Federal appeals court orders environmental impact review of Dakota Access pipeline
© WikiMedia (Tony Webster)
Federal appeals court orders environmental impact review of Dakota Access pipeline

The US Court of Appeals for the District of Columbia Circuit on Tuesday upheld a district judge’s order for an environmental impact review of the Dakota Access pipeline (DAPL). However, the court declined to shut the line down while the review is completed.

The DAPL transports crude oil from North Dakota to Illinois. The pipeline passes beneath Lake Oahe, which provides several Great Sioux Nation successor tribes with water for drinking, industry and sacred cultural practices. Despite protests over the pipeline, the US Army Corps of Engineers (USACE) granted an easement for the pipeline to cross the federally owned land.

Under the National Environmental Protection Act (NEPA), any federal agency that issues construction permits, opens new land to drilling or undertakes any other “major” project must look at the project’s environmental consequences. The federal agency must develop an environmental impact statement (EIS) identifying and “rigorously” appraising the project’s environmental effects, but it does not have to develop an EIS if it finds that the project will have “no significant impact.”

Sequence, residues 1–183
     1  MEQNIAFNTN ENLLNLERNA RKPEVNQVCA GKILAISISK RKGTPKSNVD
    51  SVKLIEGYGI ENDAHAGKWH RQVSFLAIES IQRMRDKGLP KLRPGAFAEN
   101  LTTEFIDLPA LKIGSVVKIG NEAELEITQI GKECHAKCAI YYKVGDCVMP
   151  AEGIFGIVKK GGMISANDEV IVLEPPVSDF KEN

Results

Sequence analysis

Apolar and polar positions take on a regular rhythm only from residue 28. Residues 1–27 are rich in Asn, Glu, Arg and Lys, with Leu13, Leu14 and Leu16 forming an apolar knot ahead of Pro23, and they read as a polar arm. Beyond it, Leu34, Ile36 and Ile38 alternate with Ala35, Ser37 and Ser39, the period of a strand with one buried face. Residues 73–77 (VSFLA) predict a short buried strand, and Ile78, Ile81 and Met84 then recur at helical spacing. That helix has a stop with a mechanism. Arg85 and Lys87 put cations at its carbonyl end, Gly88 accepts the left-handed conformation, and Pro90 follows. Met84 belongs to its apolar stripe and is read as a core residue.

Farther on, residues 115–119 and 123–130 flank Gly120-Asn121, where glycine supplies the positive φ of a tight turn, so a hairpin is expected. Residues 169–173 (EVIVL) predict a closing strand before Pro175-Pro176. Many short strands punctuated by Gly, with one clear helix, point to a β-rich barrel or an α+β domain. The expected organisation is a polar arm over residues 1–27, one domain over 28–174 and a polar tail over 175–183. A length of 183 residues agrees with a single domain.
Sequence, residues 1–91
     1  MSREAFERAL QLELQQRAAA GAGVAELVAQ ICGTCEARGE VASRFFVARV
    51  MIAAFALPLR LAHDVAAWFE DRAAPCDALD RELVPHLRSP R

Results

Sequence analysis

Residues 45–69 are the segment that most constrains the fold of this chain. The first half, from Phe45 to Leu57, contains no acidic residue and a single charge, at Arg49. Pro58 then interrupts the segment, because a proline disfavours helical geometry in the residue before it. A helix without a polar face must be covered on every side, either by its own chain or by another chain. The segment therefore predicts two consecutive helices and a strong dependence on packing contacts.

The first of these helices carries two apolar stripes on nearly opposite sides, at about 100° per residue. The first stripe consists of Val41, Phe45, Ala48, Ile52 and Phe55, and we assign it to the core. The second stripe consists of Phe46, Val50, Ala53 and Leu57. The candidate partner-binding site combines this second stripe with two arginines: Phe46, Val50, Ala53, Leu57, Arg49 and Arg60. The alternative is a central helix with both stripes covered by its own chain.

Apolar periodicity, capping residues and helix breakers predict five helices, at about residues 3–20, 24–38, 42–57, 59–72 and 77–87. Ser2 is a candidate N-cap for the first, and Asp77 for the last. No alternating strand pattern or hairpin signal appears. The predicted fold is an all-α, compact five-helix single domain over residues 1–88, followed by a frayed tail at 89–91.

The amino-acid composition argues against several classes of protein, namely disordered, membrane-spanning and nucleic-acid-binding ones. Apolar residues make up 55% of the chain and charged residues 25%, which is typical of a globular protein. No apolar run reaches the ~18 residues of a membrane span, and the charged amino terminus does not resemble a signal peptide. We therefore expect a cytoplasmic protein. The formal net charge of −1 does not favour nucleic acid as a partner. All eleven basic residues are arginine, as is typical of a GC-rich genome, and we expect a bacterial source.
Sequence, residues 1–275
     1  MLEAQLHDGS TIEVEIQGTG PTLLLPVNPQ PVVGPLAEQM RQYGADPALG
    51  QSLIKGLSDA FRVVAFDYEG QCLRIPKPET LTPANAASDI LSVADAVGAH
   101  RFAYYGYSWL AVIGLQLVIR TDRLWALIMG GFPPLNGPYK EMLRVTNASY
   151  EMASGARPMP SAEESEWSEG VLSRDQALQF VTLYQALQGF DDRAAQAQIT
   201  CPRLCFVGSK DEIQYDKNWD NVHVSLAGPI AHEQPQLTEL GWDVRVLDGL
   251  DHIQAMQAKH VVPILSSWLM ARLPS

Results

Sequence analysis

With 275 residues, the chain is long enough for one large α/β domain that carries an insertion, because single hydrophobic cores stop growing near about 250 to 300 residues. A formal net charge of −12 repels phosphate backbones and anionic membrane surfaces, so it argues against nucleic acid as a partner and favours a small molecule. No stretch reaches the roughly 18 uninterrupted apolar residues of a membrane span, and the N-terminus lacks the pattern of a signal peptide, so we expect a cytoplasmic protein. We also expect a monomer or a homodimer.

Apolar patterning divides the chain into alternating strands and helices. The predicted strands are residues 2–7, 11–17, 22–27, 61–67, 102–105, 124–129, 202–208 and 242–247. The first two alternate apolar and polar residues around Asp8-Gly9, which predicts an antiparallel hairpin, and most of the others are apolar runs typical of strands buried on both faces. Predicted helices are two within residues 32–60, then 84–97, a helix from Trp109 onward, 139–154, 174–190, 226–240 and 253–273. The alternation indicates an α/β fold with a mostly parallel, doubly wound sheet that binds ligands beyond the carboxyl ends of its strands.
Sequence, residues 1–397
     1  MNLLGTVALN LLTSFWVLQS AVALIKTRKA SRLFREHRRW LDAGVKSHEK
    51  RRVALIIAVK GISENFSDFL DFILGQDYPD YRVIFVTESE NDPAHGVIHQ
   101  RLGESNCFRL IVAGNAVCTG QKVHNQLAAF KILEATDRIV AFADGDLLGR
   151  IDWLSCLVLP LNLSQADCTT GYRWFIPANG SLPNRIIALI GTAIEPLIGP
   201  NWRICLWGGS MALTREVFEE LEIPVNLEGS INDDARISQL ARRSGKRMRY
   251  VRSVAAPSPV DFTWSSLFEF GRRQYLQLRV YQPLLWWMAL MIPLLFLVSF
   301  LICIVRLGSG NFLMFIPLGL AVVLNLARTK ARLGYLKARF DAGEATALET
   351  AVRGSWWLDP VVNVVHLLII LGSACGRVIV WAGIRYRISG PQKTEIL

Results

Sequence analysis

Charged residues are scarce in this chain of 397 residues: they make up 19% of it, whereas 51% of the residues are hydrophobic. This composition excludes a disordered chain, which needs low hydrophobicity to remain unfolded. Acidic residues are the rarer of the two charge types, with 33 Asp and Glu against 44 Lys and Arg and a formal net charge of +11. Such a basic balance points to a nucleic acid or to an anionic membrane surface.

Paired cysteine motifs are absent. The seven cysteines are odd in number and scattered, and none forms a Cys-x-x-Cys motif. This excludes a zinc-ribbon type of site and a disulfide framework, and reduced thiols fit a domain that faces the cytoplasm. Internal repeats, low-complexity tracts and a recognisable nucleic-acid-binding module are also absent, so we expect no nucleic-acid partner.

In July a judge for the US District Court for the District of Columbia vacated the easement and ordered the pipeline to be shut down and emptied of oil pending a review of its environmental impact. On Tuesday the appeals court affirmed the order vacating the easement while the USACE prepares an environmental impact statement but reversed the order to shut the pipeline down and empty it of oil.

The court concluded that the USACE violated the NEPA by issuing the easement without preparing an environmental impact statement. The agency did not convince the court that it had “materially addressed and resolved serious objections to its analysis,” as the court found that there was unresolved controversy requiring the USACE to prepare an EIS. This controversy included past failure to evaluate consequences of an undetected slow pinhole leak for “no particular reason,” as well as the USACE’s decision to rely on general pipeline safety data for its risk analysis rather than the DAPL operator’s specific safety record.

Because of this, the court affirmed the order vacating the easement, but it did not require that the pipeline is shut down while the USACE prepares an EIS.